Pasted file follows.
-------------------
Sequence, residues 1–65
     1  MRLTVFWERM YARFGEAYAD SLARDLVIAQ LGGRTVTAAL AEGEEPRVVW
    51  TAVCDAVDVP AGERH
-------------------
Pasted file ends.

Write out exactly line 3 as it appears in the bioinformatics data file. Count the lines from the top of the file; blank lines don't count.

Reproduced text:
    51  TAVCDAVDVP AGERH